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Scenario

  • Jersey/JacksonJson for my RESTful web services requests.
  • An entity A that has properties X,Y,Z.
  • 2 RESTful requests.
  • Request 1 should return entity A with properties X,Y in the JSON response
  • Request 2 should return entity A with properties X,Y,Z in the JSON response
  • Entity A is configured such that property Z is using @JsonIgnore so it is not returned in the JSON response

Problem

How do I return property Z in Request 2 if it is set to @JsonIgnore in the entity? Is there are better way to do this dynamically besides using @JsonIgnore? Below is some "Demonstration" code to help clarify my question.

@Entity
Class A implements Serializable {
  String X;
  String Y;
  String Z;

  @JsonIgnore
  public String getZ() {
    return Z;
  }
}

@Path("form")
Class Request {
    @GET
    @Path("request1")
    @Produces({"application/json"})
    public A request1() {
      return A;
    }

    @GET
    @Path("request2")
    @Produces({"application/json"})
    public A request2() {
      return A;
    }
}
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2  
Put Z in a subclass B and return B from request2? –  Kevin Sep 19 '13 at 13:34
    
Have generalization and specialization of classes as Kevin said, Jackson automatically creates JSON corresponding object. It works for me. –  Jugal Panchal Jun 11 at 5:09

4 Answers 4

up vote 0 down vote accepted

If you don't need to send null values,you can set the variables that you don't want to send as null, and set Jackson to ignore null properties. This way, on the request1 you can set Z as null. Other way is to model your classe's using extend's, but i don´t know if Jackson can parse easily in such scenario.

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This is what I ended up doing. I annotated all my domain classes with @JsonSerialize(include=JsonSerialize.Inclusion.NON_NULL). I removed all @JsonIgnore annotations. –  bickster Oct 1 '13 at 12:25

You can use @JsonView annotations.

Something like:

public class Views {
    public static class BasicView {
    }

    public static class FullView extends BasicView {
    }
}

Then in class A,

  @JsonView(Views.BasicView.class)
  public String getX() {
    return X;
  }


  @JsonView(Views.BasicView.class)
  public String getY() {
    return Y;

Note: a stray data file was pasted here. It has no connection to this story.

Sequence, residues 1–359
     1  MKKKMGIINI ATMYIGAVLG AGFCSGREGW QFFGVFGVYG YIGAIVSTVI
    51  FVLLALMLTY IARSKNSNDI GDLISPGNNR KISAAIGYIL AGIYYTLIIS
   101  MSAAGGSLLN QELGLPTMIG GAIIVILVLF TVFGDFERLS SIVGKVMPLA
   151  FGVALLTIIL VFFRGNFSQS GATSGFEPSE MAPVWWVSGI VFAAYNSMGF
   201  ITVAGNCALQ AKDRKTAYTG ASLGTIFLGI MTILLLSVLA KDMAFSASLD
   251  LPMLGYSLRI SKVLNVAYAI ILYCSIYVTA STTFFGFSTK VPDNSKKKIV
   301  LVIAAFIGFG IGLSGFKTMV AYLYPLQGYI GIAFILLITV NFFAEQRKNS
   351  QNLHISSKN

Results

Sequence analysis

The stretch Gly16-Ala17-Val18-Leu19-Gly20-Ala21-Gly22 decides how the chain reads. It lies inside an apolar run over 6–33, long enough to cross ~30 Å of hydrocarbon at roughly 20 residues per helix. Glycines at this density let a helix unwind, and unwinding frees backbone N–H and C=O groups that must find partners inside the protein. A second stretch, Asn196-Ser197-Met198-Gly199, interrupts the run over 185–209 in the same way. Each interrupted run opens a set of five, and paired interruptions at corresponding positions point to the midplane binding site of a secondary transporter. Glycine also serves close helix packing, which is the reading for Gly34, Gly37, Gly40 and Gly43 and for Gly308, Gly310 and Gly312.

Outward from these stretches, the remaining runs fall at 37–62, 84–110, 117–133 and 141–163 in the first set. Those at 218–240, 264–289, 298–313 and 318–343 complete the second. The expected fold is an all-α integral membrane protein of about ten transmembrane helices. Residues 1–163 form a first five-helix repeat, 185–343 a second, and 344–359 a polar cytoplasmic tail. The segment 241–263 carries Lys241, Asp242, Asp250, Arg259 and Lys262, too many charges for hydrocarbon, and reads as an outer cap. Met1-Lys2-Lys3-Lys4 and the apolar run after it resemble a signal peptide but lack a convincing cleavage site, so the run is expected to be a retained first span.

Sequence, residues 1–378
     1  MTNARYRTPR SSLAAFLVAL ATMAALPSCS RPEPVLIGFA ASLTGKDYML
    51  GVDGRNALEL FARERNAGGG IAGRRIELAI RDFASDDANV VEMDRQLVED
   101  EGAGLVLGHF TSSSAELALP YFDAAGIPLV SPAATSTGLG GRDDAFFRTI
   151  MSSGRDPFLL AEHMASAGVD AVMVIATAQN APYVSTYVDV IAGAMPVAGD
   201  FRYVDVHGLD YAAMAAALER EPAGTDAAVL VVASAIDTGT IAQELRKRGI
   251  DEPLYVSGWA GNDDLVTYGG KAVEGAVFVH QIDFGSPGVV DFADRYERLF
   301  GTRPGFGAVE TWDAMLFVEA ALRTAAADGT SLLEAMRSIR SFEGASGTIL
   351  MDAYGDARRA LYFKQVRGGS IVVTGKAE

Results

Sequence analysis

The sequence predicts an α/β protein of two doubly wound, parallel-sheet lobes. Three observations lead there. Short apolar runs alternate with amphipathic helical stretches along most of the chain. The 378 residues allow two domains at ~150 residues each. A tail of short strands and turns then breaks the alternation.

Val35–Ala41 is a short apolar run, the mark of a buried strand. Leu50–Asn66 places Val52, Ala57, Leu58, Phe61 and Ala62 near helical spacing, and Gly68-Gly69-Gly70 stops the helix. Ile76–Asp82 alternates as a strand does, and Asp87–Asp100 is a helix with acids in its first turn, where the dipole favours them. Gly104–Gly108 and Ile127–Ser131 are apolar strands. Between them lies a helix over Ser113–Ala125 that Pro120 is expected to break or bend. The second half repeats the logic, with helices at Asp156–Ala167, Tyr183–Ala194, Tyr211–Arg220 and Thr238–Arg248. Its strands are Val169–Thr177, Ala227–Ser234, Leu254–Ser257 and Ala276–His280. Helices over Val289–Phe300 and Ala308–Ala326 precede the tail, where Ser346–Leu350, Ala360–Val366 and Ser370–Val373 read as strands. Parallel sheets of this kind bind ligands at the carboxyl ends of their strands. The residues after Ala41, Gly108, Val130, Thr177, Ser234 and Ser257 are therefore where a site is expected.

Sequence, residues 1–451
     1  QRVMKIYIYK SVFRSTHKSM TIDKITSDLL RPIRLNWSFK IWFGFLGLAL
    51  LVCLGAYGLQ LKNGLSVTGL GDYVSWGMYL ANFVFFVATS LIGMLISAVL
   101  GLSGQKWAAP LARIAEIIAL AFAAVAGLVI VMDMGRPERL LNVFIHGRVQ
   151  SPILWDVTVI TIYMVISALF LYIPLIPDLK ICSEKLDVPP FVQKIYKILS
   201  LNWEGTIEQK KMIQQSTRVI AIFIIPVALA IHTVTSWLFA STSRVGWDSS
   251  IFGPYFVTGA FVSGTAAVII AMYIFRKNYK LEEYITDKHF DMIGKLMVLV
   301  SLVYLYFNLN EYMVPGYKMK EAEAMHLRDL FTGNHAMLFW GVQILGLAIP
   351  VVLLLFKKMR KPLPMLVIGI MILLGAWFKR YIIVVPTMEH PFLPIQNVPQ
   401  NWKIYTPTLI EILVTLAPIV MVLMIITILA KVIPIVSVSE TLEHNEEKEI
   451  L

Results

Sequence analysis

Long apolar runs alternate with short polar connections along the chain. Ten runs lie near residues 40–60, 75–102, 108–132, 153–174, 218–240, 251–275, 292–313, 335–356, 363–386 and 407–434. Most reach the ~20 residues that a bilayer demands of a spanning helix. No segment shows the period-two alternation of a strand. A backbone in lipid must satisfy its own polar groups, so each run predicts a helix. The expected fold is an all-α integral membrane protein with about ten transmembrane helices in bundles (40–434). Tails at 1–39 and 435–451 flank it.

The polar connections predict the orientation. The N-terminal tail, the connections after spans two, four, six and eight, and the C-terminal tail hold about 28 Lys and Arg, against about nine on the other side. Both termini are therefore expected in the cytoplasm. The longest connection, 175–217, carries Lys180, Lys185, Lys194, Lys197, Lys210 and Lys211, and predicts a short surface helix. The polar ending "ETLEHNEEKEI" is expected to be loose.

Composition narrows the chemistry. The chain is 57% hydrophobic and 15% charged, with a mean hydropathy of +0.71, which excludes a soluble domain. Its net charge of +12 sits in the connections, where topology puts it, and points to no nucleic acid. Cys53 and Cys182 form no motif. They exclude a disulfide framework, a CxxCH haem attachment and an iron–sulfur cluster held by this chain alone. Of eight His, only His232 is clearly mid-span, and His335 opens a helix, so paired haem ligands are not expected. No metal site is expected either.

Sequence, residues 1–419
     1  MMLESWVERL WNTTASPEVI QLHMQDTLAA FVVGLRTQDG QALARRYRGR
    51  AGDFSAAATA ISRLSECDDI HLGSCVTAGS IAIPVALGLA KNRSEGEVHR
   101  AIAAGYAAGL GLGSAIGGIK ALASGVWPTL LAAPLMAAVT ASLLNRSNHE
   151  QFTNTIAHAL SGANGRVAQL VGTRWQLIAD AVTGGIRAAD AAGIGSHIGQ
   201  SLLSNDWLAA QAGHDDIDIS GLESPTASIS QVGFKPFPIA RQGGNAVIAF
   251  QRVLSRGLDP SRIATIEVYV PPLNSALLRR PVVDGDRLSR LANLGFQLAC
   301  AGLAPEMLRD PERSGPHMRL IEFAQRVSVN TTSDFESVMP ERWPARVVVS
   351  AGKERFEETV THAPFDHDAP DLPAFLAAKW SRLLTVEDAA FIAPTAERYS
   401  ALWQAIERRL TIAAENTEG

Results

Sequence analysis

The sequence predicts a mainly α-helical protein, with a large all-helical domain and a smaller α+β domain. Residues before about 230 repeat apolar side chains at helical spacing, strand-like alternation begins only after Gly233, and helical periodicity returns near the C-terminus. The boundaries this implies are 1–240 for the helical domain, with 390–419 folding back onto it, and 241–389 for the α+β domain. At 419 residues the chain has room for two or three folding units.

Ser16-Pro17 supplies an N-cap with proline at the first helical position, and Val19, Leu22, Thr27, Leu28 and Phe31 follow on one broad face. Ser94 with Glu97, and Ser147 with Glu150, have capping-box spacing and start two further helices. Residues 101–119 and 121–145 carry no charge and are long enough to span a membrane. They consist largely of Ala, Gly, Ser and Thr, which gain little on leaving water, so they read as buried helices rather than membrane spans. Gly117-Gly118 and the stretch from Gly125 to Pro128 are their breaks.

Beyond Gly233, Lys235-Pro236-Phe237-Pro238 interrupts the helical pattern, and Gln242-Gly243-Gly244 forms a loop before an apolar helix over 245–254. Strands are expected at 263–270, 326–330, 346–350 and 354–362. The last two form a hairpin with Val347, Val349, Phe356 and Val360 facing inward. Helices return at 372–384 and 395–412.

}


  @JsonView(Views.FullView.class)
  public String getZ() {
    return Z;
  }

When you have to return the JSON, you will have to serialize them using custom view-based ObjectWriters though:

public static final ObjectWriter basicObjectWriter = objectMapper
            .writerWithView(Views.BasicView.class);
public static final ObjectWriter fullObjectWriter = objectMapper
            .writerWithView(Views.FullView.class);

Then, if you do basicObjectWriter.writeValueAsString(responseObject), it will write only X and Y. fullObjectWriter.writeValueAsString(responseObject) will write X, Y and Z.

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This is a valid solution as well, but I would like to stay away from manually serializing objects. Thanks. –  bickster Oct 1 '13 at 12:27

You can try using Jackson's BeanSerializerModifier for this purpose. In order to exclude properties dynamically, you would need to extend BeanSerializerModifier and implement the changeProperties method appropriately. The following code snippet applies to the example in question:

public class CustomBeanSerializerModifier extends BeanSerializerModifier
{
    private String path;

    public CustomBeanSerializerModifier(String path)
    {
        this.path = path;
    }

    @Override
    public List<BeanPropertyWriter> changeProperties(SerializationConfig config,
            BeanDescription desc, List<BeanPropertyWriter> inputProperties)
    {
        List<BeanPropertyWriter> outputProperties = new ArrayList<>();
        for (BeanPropertyWriter property : inputProperties) {
            if (path.startsWith("request1") && property.getType().getRawClass().equals(A.class)) {
                if (property.getName().equals("Z")) {
                    continue;
                }
            }
            outputProperties.add(property);
        }
        return super.changeProperties(config, desc, outputProperties);
    }
}

Plug this in Jackson's ObjectMapper as follows (using a Module):

public class CustomModule extends Module
{
    private String path;

    public CustomModule(String path)
    {
        this.path = path;
    }

    @Override
    public void setupModule(SetupContext context)
    {
        context.addBeanSerializerModifier(new CustomBeanSerializerModifier(path));
    }

    // Other overridden methods
}

and

ObjectMapper objectMapper = new ObjectMapper();
String path = getJerseyPath();
CustomModule module = new CustomModule(path);
objectMapper.registerModule(module);

// Call objectMapper.writeValue() to serialize stuff

This question deals with using custom Jackson code (in the form of ObjectMapper) with Jersey.

Hope this helps!

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You say you are using Jersey/JAX-RS, so you Yoga should be of particular interest.

Yoga extends JAX-RS and SpringMVC RESTful servers to provide GData and LinkedIn style field selectors.

  • Choose which fields you want to see at call-time
  • Navigate entity relationships in a single call for complex views
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